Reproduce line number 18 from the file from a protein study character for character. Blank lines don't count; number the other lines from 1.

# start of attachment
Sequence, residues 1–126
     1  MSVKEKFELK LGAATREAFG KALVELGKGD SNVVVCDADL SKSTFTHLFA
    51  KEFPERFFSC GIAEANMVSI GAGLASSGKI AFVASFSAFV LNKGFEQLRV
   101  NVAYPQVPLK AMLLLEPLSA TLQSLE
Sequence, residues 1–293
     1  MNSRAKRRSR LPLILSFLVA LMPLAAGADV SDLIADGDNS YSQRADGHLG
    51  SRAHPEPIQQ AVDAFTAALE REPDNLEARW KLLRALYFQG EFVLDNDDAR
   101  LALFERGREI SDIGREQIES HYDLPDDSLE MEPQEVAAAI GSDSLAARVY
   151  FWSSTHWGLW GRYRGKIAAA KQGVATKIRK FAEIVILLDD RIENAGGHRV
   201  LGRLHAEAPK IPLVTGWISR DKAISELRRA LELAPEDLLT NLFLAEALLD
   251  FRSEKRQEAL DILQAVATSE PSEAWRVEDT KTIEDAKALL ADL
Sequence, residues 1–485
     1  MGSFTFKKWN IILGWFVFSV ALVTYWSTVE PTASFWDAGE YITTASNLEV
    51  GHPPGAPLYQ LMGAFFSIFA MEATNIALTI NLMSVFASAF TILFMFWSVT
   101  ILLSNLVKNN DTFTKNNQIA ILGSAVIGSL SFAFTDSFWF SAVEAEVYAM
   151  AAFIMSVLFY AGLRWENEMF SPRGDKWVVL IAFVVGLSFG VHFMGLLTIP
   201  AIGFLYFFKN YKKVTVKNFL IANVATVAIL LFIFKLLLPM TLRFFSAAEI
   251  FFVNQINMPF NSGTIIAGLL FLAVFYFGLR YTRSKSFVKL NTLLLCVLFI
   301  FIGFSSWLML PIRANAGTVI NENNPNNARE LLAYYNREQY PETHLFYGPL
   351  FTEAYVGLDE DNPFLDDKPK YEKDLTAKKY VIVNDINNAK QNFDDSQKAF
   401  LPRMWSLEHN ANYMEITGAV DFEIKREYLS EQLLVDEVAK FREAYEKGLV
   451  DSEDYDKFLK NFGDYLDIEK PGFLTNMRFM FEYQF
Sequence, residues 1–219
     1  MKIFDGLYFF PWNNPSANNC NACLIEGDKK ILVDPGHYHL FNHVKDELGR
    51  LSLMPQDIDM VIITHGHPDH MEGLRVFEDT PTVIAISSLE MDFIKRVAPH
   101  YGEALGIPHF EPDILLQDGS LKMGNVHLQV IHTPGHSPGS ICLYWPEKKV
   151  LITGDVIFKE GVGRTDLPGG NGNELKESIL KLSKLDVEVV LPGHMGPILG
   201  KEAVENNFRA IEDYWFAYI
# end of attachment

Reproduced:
   251  FFVNQINMPF NSGTIIAGLL FLAVFYFGLR YTRSKSFVKL NTLLLCVLFI